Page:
Referee comment - TCD


21 févr. 2014 (il y a 7 années et 5 mois)

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The Cryosphere Discuss.,6,C2657–C2660,2013
© Author(s) 2013.This work is distributed under
the Creative Commons Attribute 3.0 License.
The Cryosphere
Interactive comment on “The role of cornice fall
avalanche sedimentation in the valley
Longyeardalen,Central Svalbard” by
M.Eckerstorfer et al.
O.Sass (Referee)
Received and published:3 January 2013
Referee comment on"The role of cornice fall avalanche sedimentation in the valley
Longyeardalen,Central Svalbard"by Eckerstorfer et al.
General comments
This is a very interesting,elaborated paper on the geomorphological significance of
avalanches for talus accumulation and rockwall retreat.The authors present a record
of maximum7 yr of avalanche sedimentation rates froma total of 13 catchments which
is a rare and valuable data body;there are currently only few comparable records
worldwide.This fact makes the paper significant in a broader context beyond a local
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case study.The paper is well-structured;sites,methods and results are laid down
in sufficient detail to support the conclusions.Avalanche sedimentation is obviously
of high geomorphic significance in Svalbard,the reported rates clearly outmatch most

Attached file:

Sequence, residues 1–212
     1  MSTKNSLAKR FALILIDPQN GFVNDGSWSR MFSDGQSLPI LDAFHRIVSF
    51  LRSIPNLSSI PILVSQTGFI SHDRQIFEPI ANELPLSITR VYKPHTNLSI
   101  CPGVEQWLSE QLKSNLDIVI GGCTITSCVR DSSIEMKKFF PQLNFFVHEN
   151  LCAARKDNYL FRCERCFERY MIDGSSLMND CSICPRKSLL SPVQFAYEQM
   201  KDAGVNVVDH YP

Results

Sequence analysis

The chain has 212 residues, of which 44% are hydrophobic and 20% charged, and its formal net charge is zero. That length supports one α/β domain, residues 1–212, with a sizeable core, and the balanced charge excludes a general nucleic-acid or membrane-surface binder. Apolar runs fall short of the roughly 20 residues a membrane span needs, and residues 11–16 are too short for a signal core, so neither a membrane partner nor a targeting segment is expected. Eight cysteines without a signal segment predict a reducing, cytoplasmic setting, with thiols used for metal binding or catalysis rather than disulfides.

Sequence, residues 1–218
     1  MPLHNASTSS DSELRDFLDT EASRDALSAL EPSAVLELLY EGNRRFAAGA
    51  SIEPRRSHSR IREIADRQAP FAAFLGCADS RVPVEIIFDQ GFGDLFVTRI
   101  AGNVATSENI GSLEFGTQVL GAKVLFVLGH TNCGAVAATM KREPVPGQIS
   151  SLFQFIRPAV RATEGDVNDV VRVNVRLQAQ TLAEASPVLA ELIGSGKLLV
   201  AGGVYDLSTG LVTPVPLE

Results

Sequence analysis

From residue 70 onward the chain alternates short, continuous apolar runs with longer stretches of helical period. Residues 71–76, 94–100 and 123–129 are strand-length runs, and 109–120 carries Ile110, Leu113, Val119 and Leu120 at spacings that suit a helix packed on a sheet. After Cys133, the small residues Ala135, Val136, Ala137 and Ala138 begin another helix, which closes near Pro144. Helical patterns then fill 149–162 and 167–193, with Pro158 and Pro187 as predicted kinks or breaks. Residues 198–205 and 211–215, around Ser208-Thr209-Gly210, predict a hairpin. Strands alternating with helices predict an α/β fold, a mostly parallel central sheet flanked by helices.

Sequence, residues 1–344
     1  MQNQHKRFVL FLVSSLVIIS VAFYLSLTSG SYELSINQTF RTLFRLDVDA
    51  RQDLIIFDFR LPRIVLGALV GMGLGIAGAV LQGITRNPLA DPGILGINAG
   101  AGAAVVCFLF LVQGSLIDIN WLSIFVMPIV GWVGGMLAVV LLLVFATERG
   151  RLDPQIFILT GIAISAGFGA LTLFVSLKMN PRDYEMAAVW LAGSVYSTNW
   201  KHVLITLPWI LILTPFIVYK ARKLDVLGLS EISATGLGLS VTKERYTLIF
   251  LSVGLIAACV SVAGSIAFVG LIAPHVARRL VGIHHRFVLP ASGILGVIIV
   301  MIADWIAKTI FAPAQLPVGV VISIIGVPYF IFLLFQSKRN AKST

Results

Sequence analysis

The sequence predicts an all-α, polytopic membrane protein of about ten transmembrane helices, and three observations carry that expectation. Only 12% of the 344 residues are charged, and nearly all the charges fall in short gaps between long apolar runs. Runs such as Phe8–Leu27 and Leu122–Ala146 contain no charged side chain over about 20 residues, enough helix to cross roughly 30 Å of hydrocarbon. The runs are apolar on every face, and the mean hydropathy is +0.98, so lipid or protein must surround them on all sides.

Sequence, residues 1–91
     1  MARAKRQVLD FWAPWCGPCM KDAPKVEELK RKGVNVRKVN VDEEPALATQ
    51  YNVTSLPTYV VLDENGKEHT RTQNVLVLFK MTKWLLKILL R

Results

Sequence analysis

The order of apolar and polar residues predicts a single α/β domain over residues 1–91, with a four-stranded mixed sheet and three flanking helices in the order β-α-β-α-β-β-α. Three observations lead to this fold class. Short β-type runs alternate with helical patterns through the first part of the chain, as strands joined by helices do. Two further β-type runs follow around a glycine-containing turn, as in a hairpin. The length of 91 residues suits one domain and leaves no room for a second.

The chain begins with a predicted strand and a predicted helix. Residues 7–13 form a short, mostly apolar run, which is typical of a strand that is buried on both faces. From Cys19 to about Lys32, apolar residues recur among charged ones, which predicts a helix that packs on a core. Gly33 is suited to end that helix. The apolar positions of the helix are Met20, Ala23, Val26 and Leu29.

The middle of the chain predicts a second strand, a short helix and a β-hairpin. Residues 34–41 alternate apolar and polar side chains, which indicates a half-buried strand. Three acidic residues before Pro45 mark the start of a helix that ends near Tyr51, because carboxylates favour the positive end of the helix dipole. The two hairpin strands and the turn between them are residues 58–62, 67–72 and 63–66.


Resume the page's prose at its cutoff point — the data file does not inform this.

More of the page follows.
values fromthe literature which seems to be due to the specific setting (lowprecipitation
mainly as snow,frost-susceptible bedrock,no significant fluvial activity).I recommend
acceptance with minor to moderate revisions which should concentrate on condensing
and shortening of the paper (see below).
There is one problem throughout the paper:it is rather long and gives too many de-
tails.Of course it is desirable that all steps leading to the results and conclusions are
transparently presented.However,the reader is sometimes overloaded with detail in-
formation and it’s an arduous task to find the way through.Some of the figures are
rather"busy";not each figure and not each of the many small inset pictures are actu-
ally needed.All in all,the paper might be shortened by approx.20%.Some incomplete
- Page 13 could probably be reduced by 50% - Table 1 should be deleted without re-
placement as the paper is on avalanche transport and not on geomorphological land-
form units - Fig.4 d+e are not particularly helpful (we know what debris looks like)
- Consider to leave out Fig.5b,6b,7b (picture),8b (pictures) and reduce the corre-
sponding text (e.g.P12 L23 ff) - Leave out Fig.9 a,d,f - Table 2:The data of the
second half of the table are confusing rather than helpful - Table 3 is also much too
busy.Leave out the section at the top and consider leaving out the first section of the
main table.Concentrate on retreat rates.
There are certain concerns as to the significant differences between this paper and
several other papers by the same authors and on the same sites and processes.Some
of the titles sound in fact very similar.However,the Eckerstorfer et al.(2012) paper
in ESPL is on the process of debris production and entrainment,the current one is
on sedimentation and transport rates (of course with a certain overlap) and there are
some further papers by the author which are on the dynamics of the snowpack itself
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(of course with a certain overlap,again).You might find this good or bad,however,